East Africa is to be the focus of Africa Geographic's third book in the highly successful and acclaimed "Safari in Style" series. It will combine the aspirational and inspirational elements of enticing travel experiences, wildlife, landscapes, architecture, decor and the individual ambience found at some 30 prime game and country lodges throughout Tanzania, Kenya and Uganda. In order to ensure that only unique, intimate destinations are selected, each of the establishments to be included in "Safari in Style" will be chosen with great care by an editorial committee comprising the authors and Africa Geographic's editors and travel consultants. The book is organised into eight chapters, each of which captures the spirit and sense of place as well as the scenic and wildlife diversity of southern Africa. The first chapter is 'The South, and West to Lake Tanganyika': The southern wildernesses of Tanzania may lack the cache of Serengeti and Ngorongoro to the north, but for many visitors the area embraces some of the most alluring conservation areas of East Africa. Selous National Park is possibly the largest wildlife sanctuary in the world and photographic safaris are offered in the game-rich northern region where Tanzania's largest river, the Rafiji, is joined by its biggest tributaries, the Ruaha and the Kilombero. Ruaha National Park is regarded by Tanzania's safari cognescenti as possibly the country's best-kept secret because the region attracts a fraction of the visitors that teem to the famous areas of the north. Certainly Ruaha is one of the best places for encounters with big predators: large prides of lion and wild dogs which, although relatively abundant, are notoriously difficult to predict other than at denning time because of their wide-ranging nomadic habits. To the west is Rungwa Game Reserve, Lake Rukwa and the gem of Katavi National Park, as well as Mahale Mountains National Park, which lies on the shore of Lake Tanganyika and is best known for its habituated chimp communities. The second chapter is 'Serengeti and the North': Tanzania's famed 'northern safari circuit' embraces by the standards of many, the most famous wildlife areas of the African continent. The vast, and surprisingly cool (because of their elevation), plains of the Serengeti, together with Kenya's Masai Mara, are home to the spectacle of wildebeest on their never ending migration cycle as they follow the rains and good grazing. Here too is Ngorongoro Crater, densely packed with wildlife and probably the best place in East Africa to see black rhino. Not to be overlooked, however, are the national parks of Lake Manyara, noted for its tree-climbing lions and the baobab-strewn landscape of Tarangire which comes into its own during the dry winter months when elephants congregate along the river. The third chapter is 'Arusha, Meru and 'Kili'': Arusha is the 'safari capital' of Tanzania and many visitors en route to wilderness areas will overnight here. Nearby is Arusha National Park, which not only includes Mount Meru, Africa's fifth highest peak, but also boasts spectacular views across the plains to Mount Kilimanjaro. Arusha National Park is a wonderful experience for those seeking relief from the often tourist-heavy environments of Serengeti and Ngorongoro, while the three-day ascent of Meru is thought by aficionados to be a worthy alternative to conquering Kilimanjaro, at half the price too! But if you are determined, Kili beckons, soaring five kilometres above the surrounding plains. The fourth chapter is 'Zanzibar and the Swahili Coast': To experience first-hand the spice-laden air and mystique of Zanzibar is an ideal finale to the dust, drama and wildlife of Tanzania's safari circuit. Here other opportunities beckon: the culture and history of Stone Town, diving in crystal-clear waters, or simply lazing on a palm-fringed beach. Coastal extensions could include a trip to Nungwi on the northern end of the island, or inter-island excursions to Mafia Island in the south or Pemba in the north. The Arab/Swahili influence extends up along the Kenyan coast, embracing Mombasa, Malindi and the magical archipelago of Lamu where the world heritage site of Lamu Town and visiting turtle nesting sites are amongst the highlights. The fifth chapter is 'Tsavo, Amboseli, the Central Highlands and Laikipia': Tsavo East and Tsavo West, bisected by the Mombasa highway, together form Kenya's largest conservation area. Large game abounds and, particularly in the dry season when the animals concentrate around available water, elephant viewing can be spectacular. Elephants, too, are the signature species in the picturesque Amboseli National Park to the west of Tsavo, but even they are dwarfed against the soaring peak of Kilimanjaro, just over the border with Tanzania. Nairobi lies about 250 km to the north of Amboseli and from there the road journeys on across the plains of Thika to the Aberdares and the snow-capped peaks of Meru and Mount Kenya, then west across the Laikipia Plateau to the pale, terracotta waters of Lake Baringo. As a wildlife destination, Laikipia is gaining the reputation it should have, as the game viewing is superb with the area boasting big carnivores, elephants and many of the northern specialities such as gerenuk, reticulated giraffe, Beisa oryx and the Somali ostrich. The sixth chapter is 'North to Samburu and Turkana': Kenya's northern reaches are not for the faint-hearted for this is a vast, remote place, arid, often scorchingly hot, and sparsely populated by nomadic pastoralists. Here, camel-trekking can be part of the experience. Buffalo Springs and Samburu National Reserves with their rolling volcanic plains and the swamps and riverine forests associated with the muddy waters of the Ewaso N'giro River, are excellent places to see the northern game species. Lake Turkana, often referred to as the Jade Sea because of the ever-changing hues of its turquoise waters, has the dubious claim to having one of the world's highest populations of Nile crocodile, some 20 000 it is estimated. The Turkana basin is also one of Africa's most important paleoanthropological research areas, a World Heritage Site that is a rich source of evidence tracing hominid origins. The seventh chpater is 'The Mara and West to Lake Victoria': If ever there is a wildlife reserve that encapsulates the African safari experience it would have to be the Masai Mara. With its rolling backdrop of the Oloololo Escarpment, wide, open plains dotted with trees, and the easy mingling of game and Maasai pastoralists it is the setting that, together with the adjacent Serengeti, epitomises it all. Not surprisingly, it is the most visited of Kenya's wildlife reserves, especially during the migration when guest-laden safari vehicles throng the banks of the Mara, jostling to gain the best sightings of huge wildebeest herds running the gauntlet of the river crossing. By contrast, Kenya west of the Mara is little visited by tourists, yet it is a beautiful part of the country that embraces gems such as Mount Elgon, Saiwa Swamp, Kakamega Forest and the shores and islands of Lake Victoria. The eighth chapter is 'Uganda - Home of the Gorilla': Bordered by the two main arms of the Great Rift Valley, Uganda is strikingly different from its eastern and southern neighbours. Here, in this relatively small country the great savannas meet the tropical rainforests of western Central Africa. It is a lush, verdant place where crops and other foods grow abundantly and the spectre of drought and starvation that can often hang over much of Africa recedes. When it comes to wildlife experiences, reserves such as Queen Elizabeth and Semliki are worthwhile, but the great draw is undoubtedly primates amongst which the chimpanzee and mountain gorilla reign supreme. Bwindi, an ancient montane rainforest dating back beyond the Pleistocene Age, is the epicentre of Uganda's gorilla trekking industry. More than half the world's remaining mountain gorillas live here in some 15 family groups.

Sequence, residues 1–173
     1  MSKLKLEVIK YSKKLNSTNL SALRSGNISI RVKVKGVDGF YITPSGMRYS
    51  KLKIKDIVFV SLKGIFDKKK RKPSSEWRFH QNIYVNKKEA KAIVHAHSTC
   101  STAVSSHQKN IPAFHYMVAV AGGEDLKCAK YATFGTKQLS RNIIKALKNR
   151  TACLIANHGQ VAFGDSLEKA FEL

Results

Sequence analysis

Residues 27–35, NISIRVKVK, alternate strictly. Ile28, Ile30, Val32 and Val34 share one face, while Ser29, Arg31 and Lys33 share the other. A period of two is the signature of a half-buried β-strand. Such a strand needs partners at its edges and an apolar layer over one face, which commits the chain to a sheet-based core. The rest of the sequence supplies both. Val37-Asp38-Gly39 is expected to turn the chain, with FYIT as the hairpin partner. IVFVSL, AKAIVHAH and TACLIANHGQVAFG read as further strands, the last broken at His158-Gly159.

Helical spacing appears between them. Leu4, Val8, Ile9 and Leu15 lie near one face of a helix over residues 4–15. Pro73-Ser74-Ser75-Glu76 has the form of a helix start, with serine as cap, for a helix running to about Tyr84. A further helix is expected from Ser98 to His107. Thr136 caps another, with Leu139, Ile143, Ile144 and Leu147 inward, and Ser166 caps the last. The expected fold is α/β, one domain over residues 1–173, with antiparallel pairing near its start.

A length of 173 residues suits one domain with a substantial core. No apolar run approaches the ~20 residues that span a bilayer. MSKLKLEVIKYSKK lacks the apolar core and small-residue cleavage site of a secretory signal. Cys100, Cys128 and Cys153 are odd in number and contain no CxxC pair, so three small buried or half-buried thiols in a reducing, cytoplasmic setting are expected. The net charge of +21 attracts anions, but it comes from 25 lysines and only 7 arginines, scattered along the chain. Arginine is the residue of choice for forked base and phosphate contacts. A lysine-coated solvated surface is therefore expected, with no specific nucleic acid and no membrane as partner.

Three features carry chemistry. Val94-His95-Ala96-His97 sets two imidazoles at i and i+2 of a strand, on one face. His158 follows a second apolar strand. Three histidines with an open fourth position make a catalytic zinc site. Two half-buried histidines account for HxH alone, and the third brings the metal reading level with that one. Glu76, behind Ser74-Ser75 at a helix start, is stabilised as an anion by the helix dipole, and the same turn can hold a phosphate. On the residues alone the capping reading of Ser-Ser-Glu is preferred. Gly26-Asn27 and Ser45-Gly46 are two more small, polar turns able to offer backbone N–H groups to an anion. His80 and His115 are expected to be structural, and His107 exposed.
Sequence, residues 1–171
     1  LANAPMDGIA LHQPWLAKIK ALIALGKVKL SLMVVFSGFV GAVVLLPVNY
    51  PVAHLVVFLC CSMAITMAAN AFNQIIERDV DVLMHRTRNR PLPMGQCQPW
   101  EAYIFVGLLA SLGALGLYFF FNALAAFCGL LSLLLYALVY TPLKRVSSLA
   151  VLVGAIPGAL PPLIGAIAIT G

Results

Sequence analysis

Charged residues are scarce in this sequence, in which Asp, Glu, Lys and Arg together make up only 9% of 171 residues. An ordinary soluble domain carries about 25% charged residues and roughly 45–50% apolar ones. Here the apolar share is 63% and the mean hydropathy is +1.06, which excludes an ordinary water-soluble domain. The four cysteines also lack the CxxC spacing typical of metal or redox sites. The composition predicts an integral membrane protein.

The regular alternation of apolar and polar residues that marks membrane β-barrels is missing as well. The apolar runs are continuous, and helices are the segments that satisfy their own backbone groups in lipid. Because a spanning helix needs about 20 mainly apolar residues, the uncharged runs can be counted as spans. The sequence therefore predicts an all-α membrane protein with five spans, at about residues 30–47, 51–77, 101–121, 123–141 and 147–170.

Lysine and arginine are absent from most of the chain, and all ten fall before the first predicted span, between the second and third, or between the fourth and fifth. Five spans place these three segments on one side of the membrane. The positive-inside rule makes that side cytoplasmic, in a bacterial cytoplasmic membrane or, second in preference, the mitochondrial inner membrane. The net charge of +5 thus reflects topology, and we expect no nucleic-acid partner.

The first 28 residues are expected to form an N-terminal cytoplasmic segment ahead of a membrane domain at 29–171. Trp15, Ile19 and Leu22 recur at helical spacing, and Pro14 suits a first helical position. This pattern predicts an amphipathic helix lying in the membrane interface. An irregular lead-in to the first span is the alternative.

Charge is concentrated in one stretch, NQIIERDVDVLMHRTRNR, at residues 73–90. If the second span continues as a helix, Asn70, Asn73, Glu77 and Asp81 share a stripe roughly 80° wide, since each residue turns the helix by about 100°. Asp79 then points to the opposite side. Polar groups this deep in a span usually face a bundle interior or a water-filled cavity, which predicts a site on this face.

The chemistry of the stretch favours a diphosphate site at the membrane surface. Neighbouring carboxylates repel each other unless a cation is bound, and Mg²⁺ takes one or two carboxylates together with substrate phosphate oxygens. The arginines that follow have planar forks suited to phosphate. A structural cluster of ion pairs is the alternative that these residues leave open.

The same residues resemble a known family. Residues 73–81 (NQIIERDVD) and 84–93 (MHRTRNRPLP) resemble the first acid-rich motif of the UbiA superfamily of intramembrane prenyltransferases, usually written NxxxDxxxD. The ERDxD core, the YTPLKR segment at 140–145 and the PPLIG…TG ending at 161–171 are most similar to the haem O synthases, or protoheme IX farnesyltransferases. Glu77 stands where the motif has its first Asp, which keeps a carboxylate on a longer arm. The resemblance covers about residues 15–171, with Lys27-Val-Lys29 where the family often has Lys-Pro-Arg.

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Descrizione libro Africa Geographic, 2006. Paperback. Condizione libro: New. Codice libro della libreria P110620365145
Descrizione libro Africa Geographic, 2006. Paperback. Condizione libro: New. book. Codice libro della libreria 0620365145